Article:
We are currently in the process of updating this chapter and we appreciate your patience whilst this is being completed.
Systematic reviews are considered to provide the highest level of evidence, and authors seek to include all high-quality studies that address the question under review. However, many researchers have shown that studies with significant positive results are easier to locate than those with non-significant, or negative, results, because the latter often fail to get published.
This is known as publication bias, and it has further been shown that studies with positive results are not only more likely to be published, they are also more likely to be published rapidly, in English language journals, and be cited more by other authors.4 One reason this might occur is that scientists are less inclined to submit negative results for publication, but it may also reflect an attitude amongst journal editors that positive results make better articles. Thankfully, published manuscripts studying publication bias do not themselves appear to be victim to publication bias!2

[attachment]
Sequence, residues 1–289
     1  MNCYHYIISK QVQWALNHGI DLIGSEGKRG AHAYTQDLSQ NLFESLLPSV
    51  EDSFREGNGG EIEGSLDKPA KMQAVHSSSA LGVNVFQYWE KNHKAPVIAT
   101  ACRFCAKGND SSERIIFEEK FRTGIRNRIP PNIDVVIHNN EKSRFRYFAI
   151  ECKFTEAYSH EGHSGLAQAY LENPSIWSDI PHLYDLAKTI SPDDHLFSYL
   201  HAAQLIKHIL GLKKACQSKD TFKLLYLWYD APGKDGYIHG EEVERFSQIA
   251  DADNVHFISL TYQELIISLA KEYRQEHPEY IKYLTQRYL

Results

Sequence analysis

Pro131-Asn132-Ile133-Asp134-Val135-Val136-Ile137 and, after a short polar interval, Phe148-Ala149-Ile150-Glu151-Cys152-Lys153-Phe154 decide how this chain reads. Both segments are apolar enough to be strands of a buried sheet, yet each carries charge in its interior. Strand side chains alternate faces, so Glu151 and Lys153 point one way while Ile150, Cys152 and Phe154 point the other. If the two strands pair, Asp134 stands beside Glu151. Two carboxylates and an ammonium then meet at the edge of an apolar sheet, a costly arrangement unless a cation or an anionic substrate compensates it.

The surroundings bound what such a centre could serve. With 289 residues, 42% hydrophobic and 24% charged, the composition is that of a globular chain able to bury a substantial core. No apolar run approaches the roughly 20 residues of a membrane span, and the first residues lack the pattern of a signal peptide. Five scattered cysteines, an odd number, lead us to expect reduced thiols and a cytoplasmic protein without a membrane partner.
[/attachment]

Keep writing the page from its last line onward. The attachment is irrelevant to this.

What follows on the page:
Publication bias can by minimised by thorough literature searching, including inclusion of the grey literature (see previous section). However, if a negative study has never been published or committed to paper, it will never be found, and some attempt should therefore be made to quantify how big a problem publication bias is. One method by which publication bias can be ascertained is by the construction of a funnel plot. This is described in more detail in the Section 1B chapter “Comparison of survival rates; heterogeneity; funnel plots; the role of Bayes’ theorem”.
- Easterbrook P, Berlin J, Gopalan R, Matthews D. Publication bias in clinical research. Lancet, 1992;337:867–872.
- Dubben H, Beck-Bornholdt. Systematic review of publication bias in studies of publication bias. BMJ 2005;331:433.
© Helen Barratt 2009, Saran Shantikumar 2018